HERBS FOR HEALTH MANAGEMENT

Herbs are a foundational root in medicine and health treatments, dating back thousands of years throughout every culture around the world. Modern Western herbalism comes from ancient Egypt. The Greeks developed a comprehensive philosophy of herbal medicine by 100 BCE and the Romans built upon it to create a variety of medical practices, some of which are still used today.

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ALTERNATIVE MEDICINE IMPACTS PSYCHOLOGICAL HARDINESS

Psychological hardiness is an individual’s resistance to stress, anxiety and depression. It includes the ability to withstand grief and accept the loss of loved ones. Alternative medicine is a more popular term for health and wellness therapies that have typically not been part of conventional Western medical approaches but are often used along with conventional medicinal protocols.  Coping and dealing with stress in a positive manner play a major role in maintaining the balance needed for health and well-being.

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ALTERNATIVE REMEDIES FOR ANXIETY AND DEPRESSION

Interest in complimentary and alternative medicine (CAM) is increasing as consumers and health care professionals search for additional ways to treat anxiety, depression and other mental health disorders. Some of these remedies include:

St. John’s Wort.  More than 30 studies show it to be effective for treatment of mild forms of depression,…

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Your dietary protein needs may vary throughout your lifetime. For most people, it’s unnecessary to be hyper-focused on calculat- ing exact protein needs. Focusing on building a plate at each meal that incorporates at least one protein-rich food can help you meet your protein needs and keep you feeling full and satisfied until your next meal.   


Resources:


HOW MUCH PROTEIN IS ENOUGH?


A different and often simpler way to estimate protein needs is to use the acceptable macronutrient distribution range (AMDR) of 10 percent to 35 percent of total calories. This would mean an individual eating 2,000 calories per day should eat anywhere from 50 to 175 grams of protein per day. This is a wide range, but many people find it easy to aim for eating a level of protein somewhere in the middle of the AMDR. A helpful guide for most people is to aim to get around 20 to 30 grams of protein at breakfast, lunch and dinner. For example, a meal of 4 ounces of grilled chicken, half a cup of cooked brown rice and 1 cup of steamed broccoli contains around 30 grams of protein. Besides lean meats, other high-protein foods include dairy products, eggs, tofu, beans, nuts and seeds. Fortunately, eating a sufficient amount of protein in your daily diet can be accomplished no matter your dietary preferences or restrictions.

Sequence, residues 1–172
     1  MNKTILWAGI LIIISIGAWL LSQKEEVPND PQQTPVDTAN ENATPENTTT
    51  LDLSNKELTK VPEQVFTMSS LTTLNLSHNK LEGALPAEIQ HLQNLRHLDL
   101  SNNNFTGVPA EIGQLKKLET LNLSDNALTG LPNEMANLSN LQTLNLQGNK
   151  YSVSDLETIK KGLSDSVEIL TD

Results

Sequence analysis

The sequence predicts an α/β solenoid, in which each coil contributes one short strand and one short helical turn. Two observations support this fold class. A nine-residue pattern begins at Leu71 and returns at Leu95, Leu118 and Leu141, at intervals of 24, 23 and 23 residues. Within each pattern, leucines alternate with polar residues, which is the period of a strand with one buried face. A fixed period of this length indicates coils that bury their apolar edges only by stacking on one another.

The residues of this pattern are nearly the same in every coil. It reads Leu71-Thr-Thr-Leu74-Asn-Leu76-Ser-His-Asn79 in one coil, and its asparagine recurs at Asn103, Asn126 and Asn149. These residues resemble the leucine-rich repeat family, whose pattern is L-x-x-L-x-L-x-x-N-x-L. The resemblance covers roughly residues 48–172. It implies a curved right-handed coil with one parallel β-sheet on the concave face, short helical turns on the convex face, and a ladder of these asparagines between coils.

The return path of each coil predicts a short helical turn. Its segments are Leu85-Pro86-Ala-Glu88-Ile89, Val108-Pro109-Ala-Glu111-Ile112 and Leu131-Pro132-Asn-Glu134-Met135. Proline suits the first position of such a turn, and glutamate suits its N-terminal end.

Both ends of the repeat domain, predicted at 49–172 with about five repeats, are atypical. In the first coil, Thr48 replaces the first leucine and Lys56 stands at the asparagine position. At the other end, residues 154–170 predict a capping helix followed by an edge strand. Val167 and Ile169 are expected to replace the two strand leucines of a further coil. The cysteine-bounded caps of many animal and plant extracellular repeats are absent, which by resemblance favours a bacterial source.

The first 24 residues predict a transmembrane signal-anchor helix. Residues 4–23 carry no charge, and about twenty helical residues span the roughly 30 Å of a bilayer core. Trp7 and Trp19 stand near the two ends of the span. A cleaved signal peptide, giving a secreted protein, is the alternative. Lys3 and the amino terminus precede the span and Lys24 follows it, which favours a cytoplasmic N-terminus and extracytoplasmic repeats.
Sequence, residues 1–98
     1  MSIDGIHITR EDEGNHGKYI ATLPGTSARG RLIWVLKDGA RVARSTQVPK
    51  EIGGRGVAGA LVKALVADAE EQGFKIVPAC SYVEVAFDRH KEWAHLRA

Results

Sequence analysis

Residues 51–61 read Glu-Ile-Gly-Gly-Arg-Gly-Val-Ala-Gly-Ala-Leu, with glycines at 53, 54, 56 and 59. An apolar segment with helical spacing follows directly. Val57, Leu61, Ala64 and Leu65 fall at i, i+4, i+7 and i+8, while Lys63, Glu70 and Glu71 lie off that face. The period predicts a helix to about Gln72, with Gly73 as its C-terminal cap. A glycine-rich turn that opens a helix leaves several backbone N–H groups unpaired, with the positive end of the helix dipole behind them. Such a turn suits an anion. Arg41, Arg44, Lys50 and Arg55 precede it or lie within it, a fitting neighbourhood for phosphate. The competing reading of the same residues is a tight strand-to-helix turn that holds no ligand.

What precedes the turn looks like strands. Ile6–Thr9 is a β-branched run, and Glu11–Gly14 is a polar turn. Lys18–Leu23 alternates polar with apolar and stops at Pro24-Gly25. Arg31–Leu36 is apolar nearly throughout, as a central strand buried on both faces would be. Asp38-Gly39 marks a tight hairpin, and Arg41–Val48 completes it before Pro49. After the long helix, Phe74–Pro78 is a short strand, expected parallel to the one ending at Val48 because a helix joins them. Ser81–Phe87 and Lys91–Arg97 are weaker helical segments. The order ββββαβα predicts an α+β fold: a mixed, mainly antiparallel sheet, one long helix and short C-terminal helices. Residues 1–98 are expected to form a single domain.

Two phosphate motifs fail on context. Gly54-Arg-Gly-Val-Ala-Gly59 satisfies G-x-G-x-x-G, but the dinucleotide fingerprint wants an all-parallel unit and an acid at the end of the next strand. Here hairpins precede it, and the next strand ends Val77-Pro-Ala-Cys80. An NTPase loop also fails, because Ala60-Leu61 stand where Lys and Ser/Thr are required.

Some research linked increased protein intake with weight loss. A 2015 review in the American Journal of Clinical Nutrition reported moderately high protein diets – 1.2 to 1.6 grams of protein per kilo- gram of body weight – support weight loss while preserving muscle mass. This is partly due to protein’s ability to curb hunger and keep you feeling full longer.

“Protein” has become a buzzword, but it is a key component to health. Protein is one of three major macronutrients, along with carbohydrates and fats. It contains four calories per gram. Protein is made up of amino acids, which form the basic structure of many physical and chemical components of the human body. This is why protein is often called the “building blocks” of the body. When you add protein to your diet, you provide the amino acids necessary for replenishing cells, tissues, bones, muscles, etc. It is critical to eat adequate amounts of protein to support overall health.


Nutrition recommendations are developed by federal agencies that compile and analyze nutrition research. These agencies reach conclusions that serve the general public. The recommended dietary allowance (RDA) for protein for adults is 0.8 g/kg per day (Institute of Medicine, 2005). This means an adult weighing 150 lbs (68 kg) will require 54g of protein per day to prevent deficiency. This amount represents a baseline level for intake and does not necessarily mean this is the optimal level of protein for all individuals. There are several situations when additional protein may be needed and should be prioritized, for example for: